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Hoffmann, R. A wiki for the life sciences where authorship matters. Nature Genetics (2008)

Noradrenergic peripheral denervation of the female rat accelerates the positive feedback mechanisms resulting in pubertal ovulation, and blocks the modifications induced by administration of testosterone propionate at birth.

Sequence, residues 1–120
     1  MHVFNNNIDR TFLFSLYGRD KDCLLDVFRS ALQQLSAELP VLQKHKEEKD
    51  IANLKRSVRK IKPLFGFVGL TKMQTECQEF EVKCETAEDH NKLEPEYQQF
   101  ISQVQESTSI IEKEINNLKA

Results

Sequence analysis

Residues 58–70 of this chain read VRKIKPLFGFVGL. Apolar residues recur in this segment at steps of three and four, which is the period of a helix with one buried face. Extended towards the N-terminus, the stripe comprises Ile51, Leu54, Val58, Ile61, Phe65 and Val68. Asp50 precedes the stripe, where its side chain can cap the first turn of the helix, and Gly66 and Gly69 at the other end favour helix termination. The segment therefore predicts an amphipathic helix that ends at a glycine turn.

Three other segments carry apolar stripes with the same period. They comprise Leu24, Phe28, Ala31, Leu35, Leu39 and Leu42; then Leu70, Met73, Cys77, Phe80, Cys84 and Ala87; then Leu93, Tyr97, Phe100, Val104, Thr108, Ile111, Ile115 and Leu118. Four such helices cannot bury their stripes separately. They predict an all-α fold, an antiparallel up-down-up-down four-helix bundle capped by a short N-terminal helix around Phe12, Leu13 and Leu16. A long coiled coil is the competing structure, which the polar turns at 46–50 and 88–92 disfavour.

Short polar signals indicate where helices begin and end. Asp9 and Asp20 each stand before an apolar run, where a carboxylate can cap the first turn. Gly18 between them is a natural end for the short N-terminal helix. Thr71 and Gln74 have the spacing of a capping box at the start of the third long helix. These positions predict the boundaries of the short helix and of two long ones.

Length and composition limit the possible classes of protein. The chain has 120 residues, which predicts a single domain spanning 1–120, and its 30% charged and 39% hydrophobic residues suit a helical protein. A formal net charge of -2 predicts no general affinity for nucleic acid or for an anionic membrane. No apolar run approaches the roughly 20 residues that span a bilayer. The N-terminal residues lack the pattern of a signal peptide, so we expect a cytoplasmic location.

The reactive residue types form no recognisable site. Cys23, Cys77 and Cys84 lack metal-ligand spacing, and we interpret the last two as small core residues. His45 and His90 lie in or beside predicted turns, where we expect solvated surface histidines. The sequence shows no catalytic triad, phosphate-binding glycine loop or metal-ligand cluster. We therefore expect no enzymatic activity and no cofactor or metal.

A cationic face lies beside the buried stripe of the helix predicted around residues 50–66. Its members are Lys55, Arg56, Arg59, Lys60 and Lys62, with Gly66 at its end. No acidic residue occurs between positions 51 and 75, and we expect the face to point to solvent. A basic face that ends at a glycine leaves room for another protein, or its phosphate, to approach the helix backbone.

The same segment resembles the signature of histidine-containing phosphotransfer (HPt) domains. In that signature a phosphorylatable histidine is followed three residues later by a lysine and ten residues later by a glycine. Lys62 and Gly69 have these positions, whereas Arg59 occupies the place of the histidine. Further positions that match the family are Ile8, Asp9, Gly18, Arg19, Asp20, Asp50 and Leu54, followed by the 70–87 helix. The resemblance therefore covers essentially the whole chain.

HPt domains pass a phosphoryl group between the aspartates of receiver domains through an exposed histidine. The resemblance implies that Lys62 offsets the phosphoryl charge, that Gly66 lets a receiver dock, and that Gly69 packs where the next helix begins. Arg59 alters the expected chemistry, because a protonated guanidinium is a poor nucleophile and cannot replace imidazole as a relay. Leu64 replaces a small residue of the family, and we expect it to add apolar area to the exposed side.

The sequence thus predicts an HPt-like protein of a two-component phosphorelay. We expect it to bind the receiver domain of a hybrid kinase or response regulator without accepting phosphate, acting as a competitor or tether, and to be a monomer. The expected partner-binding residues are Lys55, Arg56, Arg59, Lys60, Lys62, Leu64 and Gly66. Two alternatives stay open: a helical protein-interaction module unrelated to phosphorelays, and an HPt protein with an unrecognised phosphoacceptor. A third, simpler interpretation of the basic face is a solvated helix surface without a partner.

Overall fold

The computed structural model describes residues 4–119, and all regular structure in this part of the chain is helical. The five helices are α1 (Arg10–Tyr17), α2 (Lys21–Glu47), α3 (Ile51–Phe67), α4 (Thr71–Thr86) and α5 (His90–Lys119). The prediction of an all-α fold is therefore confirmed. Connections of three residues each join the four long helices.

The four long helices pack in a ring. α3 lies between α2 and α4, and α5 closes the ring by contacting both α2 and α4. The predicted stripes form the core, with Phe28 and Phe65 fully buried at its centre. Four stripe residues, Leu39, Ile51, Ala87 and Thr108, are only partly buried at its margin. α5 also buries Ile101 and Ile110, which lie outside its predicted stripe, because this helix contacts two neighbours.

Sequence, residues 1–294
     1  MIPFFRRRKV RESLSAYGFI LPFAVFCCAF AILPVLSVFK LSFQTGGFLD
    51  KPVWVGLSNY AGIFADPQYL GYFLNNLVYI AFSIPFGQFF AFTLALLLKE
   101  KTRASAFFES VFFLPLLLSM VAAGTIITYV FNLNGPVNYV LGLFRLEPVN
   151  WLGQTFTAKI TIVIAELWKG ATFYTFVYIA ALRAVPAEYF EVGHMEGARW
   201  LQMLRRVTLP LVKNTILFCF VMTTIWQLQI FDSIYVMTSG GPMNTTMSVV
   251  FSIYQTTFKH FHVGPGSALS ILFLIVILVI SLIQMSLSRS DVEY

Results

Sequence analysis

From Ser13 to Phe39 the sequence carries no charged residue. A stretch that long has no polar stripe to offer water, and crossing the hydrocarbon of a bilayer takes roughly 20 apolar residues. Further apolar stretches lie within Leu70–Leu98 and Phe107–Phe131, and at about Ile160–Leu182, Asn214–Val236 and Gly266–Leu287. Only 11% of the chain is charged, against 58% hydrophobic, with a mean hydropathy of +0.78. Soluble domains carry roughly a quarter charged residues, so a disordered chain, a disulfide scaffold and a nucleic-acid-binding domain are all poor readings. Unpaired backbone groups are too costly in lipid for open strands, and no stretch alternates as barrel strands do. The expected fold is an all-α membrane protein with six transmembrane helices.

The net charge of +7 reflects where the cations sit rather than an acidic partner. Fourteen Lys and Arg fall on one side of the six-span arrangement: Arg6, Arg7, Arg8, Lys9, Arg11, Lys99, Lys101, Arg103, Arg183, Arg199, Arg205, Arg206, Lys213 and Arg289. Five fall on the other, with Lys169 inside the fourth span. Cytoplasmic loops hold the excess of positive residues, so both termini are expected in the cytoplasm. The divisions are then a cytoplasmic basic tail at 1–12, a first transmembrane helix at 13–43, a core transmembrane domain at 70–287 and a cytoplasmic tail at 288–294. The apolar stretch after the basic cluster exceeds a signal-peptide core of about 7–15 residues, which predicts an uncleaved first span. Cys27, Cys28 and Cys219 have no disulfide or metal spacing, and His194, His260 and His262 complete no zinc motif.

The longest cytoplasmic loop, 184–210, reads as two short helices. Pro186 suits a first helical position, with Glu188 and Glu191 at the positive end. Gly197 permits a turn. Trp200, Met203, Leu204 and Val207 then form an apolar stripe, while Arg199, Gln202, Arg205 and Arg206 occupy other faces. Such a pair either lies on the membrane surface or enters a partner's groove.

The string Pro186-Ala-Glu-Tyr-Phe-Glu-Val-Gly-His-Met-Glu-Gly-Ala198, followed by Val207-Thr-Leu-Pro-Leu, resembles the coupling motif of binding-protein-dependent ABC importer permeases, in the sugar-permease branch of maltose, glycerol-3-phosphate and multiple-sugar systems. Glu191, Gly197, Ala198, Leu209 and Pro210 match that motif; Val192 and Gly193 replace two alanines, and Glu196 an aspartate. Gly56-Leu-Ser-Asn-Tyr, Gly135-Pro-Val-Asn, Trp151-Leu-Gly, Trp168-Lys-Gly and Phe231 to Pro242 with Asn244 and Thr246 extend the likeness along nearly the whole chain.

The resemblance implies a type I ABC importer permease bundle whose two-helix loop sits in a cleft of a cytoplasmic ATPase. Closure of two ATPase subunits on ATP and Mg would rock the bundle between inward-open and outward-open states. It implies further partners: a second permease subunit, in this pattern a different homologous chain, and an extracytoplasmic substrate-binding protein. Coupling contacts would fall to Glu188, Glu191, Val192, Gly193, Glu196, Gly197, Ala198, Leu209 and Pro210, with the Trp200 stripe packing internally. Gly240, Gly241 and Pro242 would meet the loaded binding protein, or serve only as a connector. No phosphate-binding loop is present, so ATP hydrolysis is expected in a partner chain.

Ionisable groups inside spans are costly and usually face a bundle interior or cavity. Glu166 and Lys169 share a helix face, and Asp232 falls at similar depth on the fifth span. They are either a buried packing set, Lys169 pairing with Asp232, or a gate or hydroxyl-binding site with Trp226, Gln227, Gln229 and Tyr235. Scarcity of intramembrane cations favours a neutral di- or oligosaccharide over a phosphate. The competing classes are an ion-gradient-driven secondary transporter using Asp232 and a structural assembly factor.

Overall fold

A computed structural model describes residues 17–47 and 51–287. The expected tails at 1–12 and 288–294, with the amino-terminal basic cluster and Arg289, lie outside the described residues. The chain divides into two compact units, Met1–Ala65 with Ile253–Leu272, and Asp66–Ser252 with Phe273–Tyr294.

The noradrenergic innervation of the ovary of prepubertal rats causes an inhibitory response of the follicles to gonadotrophins, leading to ovulation. We investigated the possibility that noradrenergic peripheral denervation at birth, produced by treatment with guanethidine, modifies the positive feedback effects of gonadotrophins and oestradiol in prepubertal rats, and also the possibility that peripheral denervation can modify the anovulatory syndrome induced by androgenization at birth. Noradrenergic peripheral denervated rats of 18 days of age treated with pregnant mare serum gonadotrophin (PMSG) ovulated 96 h later, while normal animals did not ovulate (4/9 vs 0/12, P < 0.05) and the number of ova shed was lower than in rats which ovulated spontaneously at first vaginal oestrus (3.5 +/- 0.6 vs 8.3 +/- 0.4 (S.E.M.), P < 0.01). Oestradiol benzoate (10 micrograms) did not induce ovulation in either normal or denervated animals (0/11 and 0/11). The anovulatory syndrome induced by the administration of testosterone propionate (75 micrograms) at birth was partially blocked by noradrenergic peripheral denervation (4/7 ovulated vs 0/10). The results suggest that some neural information arising from the ovary modulates, in an inhibitory way, the stimulatory feedback mechanisms required to induce ovulation. Partial inhibition of the anovulatory syndrome resulting from androgenization caused by peripheral noradrenergic denervation suggests that noradrenergic neural information sent by the ovary to the hypothalamus results in a decreased concentration of noradrenaline in the hypothalamus and in the aromatization of androgens to oestrogens.[1]


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